This resource is hosted by the Nelson Mandela Foundation, but was compiled and authored by Padraig O’Malley. It is the product of almost two decades of research and includes analyses, chronologies, historical documents, and interviews from the apartheid and post-apartheid eras.
26 Jul 1998: Dommisse, Ebbe
POM. We had begun our conversation by Mr Dommisse posing the question as to whether the crucial election is the one coming up in 1999 or the one coming up in the year 2004. I hate to use the word two thousand, it makes one feel suddenly old or irrelevant or whatever. Why do you think there might be a difference between the two?
ED. If you judge by other African countries the first uhuru election normally makes the governing party stronger, it's happened all over, and they increase their share of the vote and then many times it moves on to either a one-party state or a one-party dominant state.
POM. Well you already have reached the point of being a one-party dominant state.
ED. So it might get worse.
POM. It's the stated aim of the ANC that they want to get more than two thirds of the vote. At the same time everybody in the ANC swears to me that it has nothing to do with ever wanting to change the constitution. What do you feel?
ED. Of course they will change the constitution.
POM. How do you think they will change it?
EL. Well there are many ways they can change it. I think one of the most obvious is to move to the system of a life president. The second one is to make parliament the supreme power instead of the constitution.
POM. They would be moving to a British system?
EL. Yes, and not have the Regsstaat which everyone was in favour of at one stage, the judicial state. That's a Dutch term, it comes from Roman Dutch law, Regsstaat, don't you know it? It was all over the constitutional negotiations, "We want a Regsstaat", the judicial state where the supreme power rests in the constitution, a constitutional state maybe. There are moves already that power should rest in parliament and if you have a two thirds majority of course then you can change the constitution. So I have come to be very suspicious about promises by politicians. They forget them once they have the power.
POM. Well that's been forgotten in many ways. I remember talking with you years ago, you saying that unless there was power sharing written into the constitution that your newspaper would never support De Klerk's reforms, or whatever you want to call them, and I was interviewing him last Friday and he denies he ever promised anything like minority veto, that there ought to be -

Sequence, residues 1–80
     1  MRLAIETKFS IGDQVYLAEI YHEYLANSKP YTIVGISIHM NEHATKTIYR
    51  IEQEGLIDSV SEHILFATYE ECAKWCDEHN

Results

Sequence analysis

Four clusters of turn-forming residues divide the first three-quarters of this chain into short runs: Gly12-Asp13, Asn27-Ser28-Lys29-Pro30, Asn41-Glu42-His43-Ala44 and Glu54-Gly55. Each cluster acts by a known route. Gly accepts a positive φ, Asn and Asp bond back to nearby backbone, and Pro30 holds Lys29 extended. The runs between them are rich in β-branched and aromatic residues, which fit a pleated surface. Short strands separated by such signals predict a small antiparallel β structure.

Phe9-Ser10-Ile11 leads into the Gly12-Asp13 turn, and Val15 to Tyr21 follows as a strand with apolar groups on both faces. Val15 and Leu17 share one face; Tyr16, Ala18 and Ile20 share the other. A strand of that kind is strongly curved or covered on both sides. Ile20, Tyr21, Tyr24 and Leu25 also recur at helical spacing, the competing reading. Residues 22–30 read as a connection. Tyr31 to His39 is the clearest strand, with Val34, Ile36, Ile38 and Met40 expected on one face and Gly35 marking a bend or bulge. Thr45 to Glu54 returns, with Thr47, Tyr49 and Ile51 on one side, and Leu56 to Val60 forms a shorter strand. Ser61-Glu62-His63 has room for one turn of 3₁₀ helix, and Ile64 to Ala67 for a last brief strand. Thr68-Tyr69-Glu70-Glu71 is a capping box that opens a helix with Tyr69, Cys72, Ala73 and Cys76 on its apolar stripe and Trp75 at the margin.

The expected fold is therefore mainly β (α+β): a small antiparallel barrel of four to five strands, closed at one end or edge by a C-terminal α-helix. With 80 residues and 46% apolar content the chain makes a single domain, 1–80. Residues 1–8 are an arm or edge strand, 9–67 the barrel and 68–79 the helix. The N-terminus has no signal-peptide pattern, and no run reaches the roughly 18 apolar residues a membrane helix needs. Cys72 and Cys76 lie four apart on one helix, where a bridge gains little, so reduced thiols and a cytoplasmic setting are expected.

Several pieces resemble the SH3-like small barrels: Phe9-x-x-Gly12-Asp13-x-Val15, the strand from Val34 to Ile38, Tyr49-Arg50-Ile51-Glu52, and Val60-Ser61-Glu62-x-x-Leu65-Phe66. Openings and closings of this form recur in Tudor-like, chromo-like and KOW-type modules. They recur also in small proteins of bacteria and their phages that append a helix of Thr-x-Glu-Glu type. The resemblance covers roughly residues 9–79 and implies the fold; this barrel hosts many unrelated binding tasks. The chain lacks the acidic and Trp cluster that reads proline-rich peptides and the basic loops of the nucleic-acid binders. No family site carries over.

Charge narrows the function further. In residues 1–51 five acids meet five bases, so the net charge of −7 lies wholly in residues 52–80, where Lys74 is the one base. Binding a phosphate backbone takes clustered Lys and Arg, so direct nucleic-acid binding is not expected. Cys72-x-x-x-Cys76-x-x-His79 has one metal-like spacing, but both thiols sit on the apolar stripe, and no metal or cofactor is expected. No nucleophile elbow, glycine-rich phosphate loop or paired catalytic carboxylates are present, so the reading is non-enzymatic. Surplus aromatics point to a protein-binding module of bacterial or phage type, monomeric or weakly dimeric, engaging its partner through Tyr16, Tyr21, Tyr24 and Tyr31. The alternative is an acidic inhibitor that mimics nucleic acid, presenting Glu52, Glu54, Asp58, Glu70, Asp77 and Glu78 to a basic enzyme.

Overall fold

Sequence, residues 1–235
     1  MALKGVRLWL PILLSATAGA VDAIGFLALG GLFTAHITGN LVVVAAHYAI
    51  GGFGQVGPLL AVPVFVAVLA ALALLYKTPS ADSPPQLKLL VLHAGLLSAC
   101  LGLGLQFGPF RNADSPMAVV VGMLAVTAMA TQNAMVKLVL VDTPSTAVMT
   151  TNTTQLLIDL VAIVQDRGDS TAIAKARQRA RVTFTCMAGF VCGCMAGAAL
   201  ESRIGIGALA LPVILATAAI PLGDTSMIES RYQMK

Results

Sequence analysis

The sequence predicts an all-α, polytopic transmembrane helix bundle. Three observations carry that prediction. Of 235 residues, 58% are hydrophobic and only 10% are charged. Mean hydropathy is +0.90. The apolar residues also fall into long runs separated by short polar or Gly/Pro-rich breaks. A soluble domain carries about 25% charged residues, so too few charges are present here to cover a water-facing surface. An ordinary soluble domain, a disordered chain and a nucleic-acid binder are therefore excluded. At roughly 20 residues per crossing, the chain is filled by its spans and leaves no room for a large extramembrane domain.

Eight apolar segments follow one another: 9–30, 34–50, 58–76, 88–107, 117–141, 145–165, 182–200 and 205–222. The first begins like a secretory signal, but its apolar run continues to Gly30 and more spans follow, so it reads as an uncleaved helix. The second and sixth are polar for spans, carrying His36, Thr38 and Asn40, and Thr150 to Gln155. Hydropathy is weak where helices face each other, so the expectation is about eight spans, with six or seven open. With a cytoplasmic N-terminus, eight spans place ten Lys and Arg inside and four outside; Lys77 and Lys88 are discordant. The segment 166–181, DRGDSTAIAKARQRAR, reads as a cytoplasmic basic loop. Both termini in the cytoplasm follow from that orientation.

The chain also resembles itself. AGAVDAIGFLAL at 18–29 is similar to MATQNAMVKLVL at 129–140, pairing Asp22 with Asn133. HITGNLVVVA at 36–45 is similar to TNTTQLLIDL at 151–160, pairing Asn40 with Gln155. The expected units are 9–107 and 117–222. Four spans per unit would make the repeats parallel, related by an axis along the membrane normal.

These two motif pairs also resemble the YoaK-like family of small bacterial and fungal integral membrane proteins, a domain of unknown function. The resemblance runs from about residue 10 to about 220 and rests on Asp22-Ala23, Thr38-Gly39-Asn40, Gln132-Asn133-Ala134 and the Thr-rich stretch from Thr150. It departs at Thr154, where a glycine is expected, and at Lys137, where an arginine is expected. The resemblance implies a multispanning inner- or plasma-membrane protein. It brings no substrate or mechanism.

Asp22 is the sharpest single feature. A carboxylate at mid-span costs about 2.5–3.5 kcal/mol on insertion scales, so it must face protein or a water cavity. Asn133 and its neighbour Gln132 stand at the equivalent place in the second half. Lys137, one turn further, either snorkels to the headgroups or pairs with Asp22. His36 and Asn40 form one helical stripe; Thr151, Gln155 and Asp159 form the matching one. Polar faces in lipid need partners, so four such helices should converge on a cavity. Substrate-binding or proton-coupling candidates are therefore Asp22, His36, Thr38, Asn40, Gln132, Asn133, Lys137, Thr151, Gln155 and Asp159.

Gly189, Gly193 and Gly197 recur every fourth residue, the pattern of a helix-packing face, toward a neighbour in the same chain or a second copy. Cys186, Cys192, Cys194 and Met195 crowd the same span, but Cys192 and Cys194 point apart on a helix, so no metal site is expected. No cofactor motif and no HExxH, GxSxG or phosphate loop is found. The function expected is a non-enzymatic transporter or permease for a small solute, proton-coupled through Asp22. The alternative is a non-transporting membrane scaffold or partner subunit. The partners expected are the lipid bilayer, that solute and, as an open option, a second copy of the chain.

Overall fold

ED. He supported power sharing all right.
POM. Which in a way is a minority - like they are working out in Northern Ireland, you've got to have consensus, in fact duality of consensus and its consociationalism.
ED. Which is prominent in all deeply divided societies. In the end he settled for a Westminster type of government where the governing party has all the power.
POM. He's just finished his book that's coming out in October, called The Last Trek, how do you think he will be remembered by history?
ED. By history? That's difficult to judge. All I can say at this moment is that he is, what shall one call it, the admiration and respect that he had has mostly vanished. He is not highly regarded any more, not by his friends or his enemies.
ED. Well he is seen by Mandela especially as not trustworthy and shifty, as somebody who had to play a bigger role in the new South Africa than he did, walked out of the government of national unity and all that. He is seen by Afrikaners as somebody who had sold them out and who in the end even betrayed his wife. That's it.
POM. So what could he have gotten for Afrikaners that he didn't get?
ED. Well I suppose there are quite a few things that you could look at. Number one, a proper federal system which we don't have, with devolved powers. Number two, the crucial language question which was bungled completely. Number three, I think what is causing the most damage is the Truth Commission in which he was so weak that it is beyond description.
POM. When you say he was so weak, you mean in what sense?
ED. Well should there have been a Truth Commission anyway, which many people now doubt. If you look at the surveys there's a very strong majority of opinion among all groups that the TRC is not improving race relations or reconciliation. That's a given now. Secondly, De Klerk had the chance of a general amnesty very early on in the negotiations and that was bungled in the most incomprehensible way by him and Kobie Coetsee. Now the people who protected the law abiding citizens, security forces and the armed forces, they are being hounded out by the TRC while De Klerk himself gave amnesty to something like 20,000 odd ANC cadres. That happened before the TRC. It's a sorry tale.
POM. Has that been documented?
POM. So he gave amnesty to 20,000 MK cadres and then negotiated - ?
ED. Did not negotiate.
POM. Or did not negotiate or agreed to a Truth Commission that would involve the processes that are now in place?
POM. Just on that, let me ask you, do you follow the TRC now or do you not bother to?
ED. We report fully on everything that happens.
POM. Have you been horrified by some of the revelations of how elements of the security forces behaved?
ED. Yes, confirmed my worst suspicions.
POM. Does that not in itself mean something?